The Uber-List of 275 Twitter Tools… Something for Every Occasion.

It’s likely that there are more Twitter tools available now than people “following” you.  Here is an uber-list of 275 Twitter tools for every occasion… from finding the right people to follow, tracking latest trends, integrating with blogs and Facebook, to scheduling tweets and everything in between.  Chances are if you’re into Twitter, then there’s something on this list that can help enhance your experience.  If nothing else, it’s amazing to see how a phenomenon like Twitter (which launched in July 2006) has created such a vast ecosystem. Find Tweeters like You Directories and User Search Tools Twits like Me Find out people like you Twellow A Twitter directory sorted by occupation Just Tweet It A twitter directory sorted by interest Twubble This tool will automatically find people who are compatible with your interests. However, if you follow too many people, then Twubble may recommend some people that you already follow Twittie Me Search for similar users and advertise your twitter page Twitdir Search for words in usernames, locations or descriptions Find out what is the latest trends on Twitter Sites that tell the latest stories and trends on Twitter Twitter Search (Summize previously) Search for the latest trends on Twitter Twitscoop A search tool that tracks trends as well as certain events. Flaptor Search A search tool that can be installed on your browser. Tweet Scan Search keywords on Twitter Twitterment Search Twitter users and topics Twitbuzz Find out the latest links and conversations on Twitter Tweetmeme find out the latest Stories on Twitter Twistori Find out what twitter loves, hates, believes, etc. Twitturly Find out the most...

Expense-a-Steak App Takes on Recession… and your accounting department!

This is a terrific example of smart and relevant content. A simple application that doesn’t provide much utility, but worth a laugh and hits a bulls-eye for relevancy. Here’s the context: The economy has been a bit on the soft side, putting a great deal of pressure on certain industries: the banking industry, the media industry, the brokerage industry, the advertising industry and, in a poignant example of collateral damage, the $108 steak ‘n’ fries-for-two industry. Go to expenseasteak.com and fill in the obscenely large amount of your Maloney & Porcelli meal. Out will come a PDF of receipts for exactly that amount — innocuous (and extremely realistic) proof of purchases for taxis, panini lunches, office supplies, business books and so on. Accounting doesn’t ask why you’ve bought $700 worth of anti-static floor mats and toner? That’s their problem. Read the full review here:  Advertising Age – Garfield’s Ad...

A branded app that brings you a little joy during volatile economic times.

PUMA Bodywear brings you a little joy during these volatile economic times. The PUMA Index is a real stock market ticker, but with an added bonus. When the market goes down the models clothes come… An interesting and certainly amusing concept from PUMA.  If they’re hoping to target a young male demo, this is certainly the right play.  That said, does it do any damage to the brand?  There is very little association between what this app does with the PUMA brand.  Which means that the brand become aligned with what the app represents, rather than the utility it provides.  Seems like an odd choice and more something a brand like Axe could pull off. You can download the app at puma.com or the iTunes app store The PUMA...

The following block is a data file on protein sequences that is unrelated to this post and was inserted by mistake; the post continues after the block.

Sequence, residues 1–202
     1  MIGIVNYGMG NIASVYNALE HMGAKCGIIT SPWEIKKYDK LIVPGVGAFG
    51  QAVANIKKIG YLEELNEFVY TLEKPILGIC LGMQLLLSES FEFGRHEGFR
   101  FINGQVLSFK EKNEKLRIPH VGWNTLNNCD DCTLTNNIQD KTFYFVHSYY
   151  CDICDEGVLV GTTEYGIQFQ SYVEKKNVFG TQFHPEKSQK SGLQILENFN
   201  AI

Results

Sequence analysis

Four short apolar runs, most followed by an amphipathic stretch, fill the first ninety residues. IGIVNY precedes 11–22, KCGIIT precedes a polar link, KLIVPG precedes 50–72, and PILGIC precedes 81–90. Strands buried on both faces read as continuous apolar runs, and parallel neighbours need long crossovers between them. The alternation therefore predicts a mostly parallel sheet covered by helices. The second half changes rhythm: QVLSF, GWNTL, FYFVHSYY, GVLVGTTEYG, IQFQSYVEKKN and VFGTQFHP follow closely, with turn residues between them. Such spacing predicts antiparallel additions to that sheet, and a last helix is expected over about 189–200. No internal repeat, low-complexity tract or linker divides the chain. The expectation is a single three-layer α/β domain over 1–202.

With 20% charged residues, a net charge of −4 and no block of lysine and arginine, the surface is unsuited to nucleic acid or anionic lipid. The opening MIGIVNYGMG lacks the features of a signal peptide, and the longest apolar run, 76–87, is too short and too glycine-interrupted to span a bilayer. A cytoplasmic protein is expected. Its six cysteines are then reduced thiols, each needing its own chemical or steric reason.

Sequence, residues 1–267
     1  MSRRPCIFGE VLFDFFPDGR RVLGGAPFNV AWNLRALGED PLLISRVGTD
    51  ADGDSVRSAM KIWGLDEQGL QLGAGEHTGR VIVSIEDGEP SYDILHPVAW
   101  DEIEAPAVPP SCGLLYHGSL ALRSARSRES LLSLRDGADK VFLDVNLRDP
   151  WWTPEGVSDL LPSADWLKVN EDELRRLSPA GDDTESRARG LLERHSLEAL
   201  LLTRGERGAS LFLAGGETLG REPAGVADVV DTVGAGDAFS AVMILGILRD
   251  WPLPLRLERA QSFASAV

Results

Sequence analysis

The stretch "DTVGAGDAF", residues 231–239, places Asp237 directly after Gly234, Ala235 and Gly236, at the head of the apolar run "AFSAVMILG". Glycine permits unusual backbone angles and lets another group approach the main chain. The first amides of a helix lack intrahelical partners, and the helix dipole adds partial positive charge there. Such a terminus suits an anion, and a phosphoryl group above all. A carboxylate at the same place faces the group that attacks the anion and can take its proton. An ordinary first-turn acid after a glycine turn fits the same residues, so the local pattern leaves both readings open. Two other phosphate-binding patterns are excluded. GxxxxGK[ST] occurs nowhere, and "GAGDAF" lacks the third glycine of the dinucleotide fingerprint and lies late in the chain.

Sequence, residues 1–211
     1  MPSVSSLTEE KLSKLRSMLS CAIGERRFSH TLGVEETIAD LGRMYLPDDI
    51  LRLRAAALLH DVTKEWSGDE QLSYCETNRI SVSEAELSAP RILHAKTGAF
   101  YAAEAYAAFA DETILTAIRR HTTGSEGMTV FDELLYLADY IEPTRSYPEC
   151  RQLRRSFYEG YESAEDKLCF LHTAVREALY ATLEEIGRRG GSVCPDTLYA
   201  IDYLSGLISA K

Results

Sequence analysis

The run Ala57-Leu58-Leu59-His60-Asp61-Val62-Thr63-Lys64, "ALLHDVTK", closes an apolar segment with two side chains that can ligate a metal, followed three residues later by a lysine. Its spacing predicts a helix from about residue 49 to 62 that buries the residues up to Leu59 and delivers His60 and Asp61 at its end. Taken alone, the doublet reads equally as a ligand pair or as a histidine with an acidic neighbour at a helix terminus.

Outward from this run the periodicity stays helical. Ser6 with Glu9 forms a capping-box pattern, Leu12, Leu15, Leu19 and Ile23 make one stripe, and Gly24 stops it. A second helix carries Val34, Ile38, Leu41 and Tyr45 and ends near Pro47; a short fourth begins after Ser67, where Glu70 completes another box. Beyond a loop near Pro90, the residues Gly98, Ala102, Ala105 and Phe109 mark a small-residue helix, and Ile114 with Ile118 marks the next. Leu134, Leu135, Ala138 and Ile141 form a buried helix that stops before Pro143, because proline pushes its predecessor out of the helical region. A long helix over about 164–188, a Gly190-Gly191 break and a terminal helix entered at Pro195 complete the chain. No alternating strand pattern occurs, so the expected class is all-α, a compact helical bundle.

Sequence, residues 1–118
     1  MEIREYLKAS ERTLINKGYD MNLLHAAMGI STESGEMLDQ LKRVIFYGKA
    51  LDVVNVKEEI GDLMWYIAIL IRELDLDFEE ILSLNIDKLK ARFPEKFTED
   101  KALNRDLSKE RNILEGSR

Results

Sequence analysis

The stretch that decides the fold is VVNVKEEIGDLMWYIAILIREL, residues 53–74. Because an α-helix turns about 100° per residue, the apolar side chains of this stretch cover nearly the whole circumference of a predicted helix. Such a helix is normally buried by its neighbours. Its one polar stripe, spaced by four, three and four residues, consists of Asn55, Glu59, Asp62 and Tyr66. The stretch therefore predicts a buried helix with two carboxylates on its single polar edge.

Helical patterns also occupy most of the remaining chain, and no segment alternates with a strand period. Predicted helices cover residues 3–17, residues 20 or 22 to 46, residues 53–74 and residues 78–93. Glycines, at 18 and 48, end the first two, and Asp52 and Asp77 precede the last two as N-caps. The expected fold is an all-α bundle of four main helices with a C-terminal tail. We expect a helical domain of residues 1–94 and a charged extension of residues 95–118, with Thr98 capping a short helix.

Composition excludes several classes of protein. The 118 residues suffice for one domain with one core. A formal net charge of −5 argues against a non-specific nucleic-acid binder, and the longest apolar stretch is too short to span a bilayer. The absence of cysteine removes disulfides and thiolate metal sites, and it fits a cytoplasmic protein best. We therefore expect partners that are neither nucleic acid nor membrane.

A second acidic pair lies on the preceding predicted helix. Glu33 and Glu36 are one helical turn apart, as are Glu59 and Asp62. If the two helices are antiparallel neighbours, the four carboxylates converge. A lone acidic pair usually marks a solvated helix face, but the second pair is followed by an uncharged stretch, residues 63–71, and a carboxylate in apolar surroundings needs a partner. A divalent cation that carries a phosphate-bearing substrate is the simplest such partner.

If popular websites were people, what would they look like?

Mashable’s Stan Schroeder recently posted this short blurb and image from comic artist elontirien on deviantART. The image truly captures the essence of these websites… so now you can put a face to the name! Who’s the Bigger Nerd: Wikipedia or Google?: “If popular websites were people, what would they look like? If you’ve ever wondered, an artist’s rendering gives a really cute answer to the question. Portrayed in the image, created by comic artist elontirien on deviantART, are Wikipedia (Wikipedia), Google (Google), Facebook (Facebook), Twitter (Twitter), MySpace (MySpace), deviantART and YouTube (YouTube), the last of which brought a smile to my face. Interestingly enough, Twitter is portrayed as a small kid; does that mean it still has a lot of room to grow? [img property of elontirien; via...

Trident Thinks Small, Happy

Trident targets the “little piece of happy” of the brand instead of taking the materialistic approach These short 15 second ads are not meant to deliver a long, drawn out, deep message but instead to provide the audience with a smile or a ‘moment of happiness.’  The campaign has been in the works for three years and sprang as a result of asking customers what Trident truly looked like to them. Read more at Brandweek:  Trident Thinks Small,...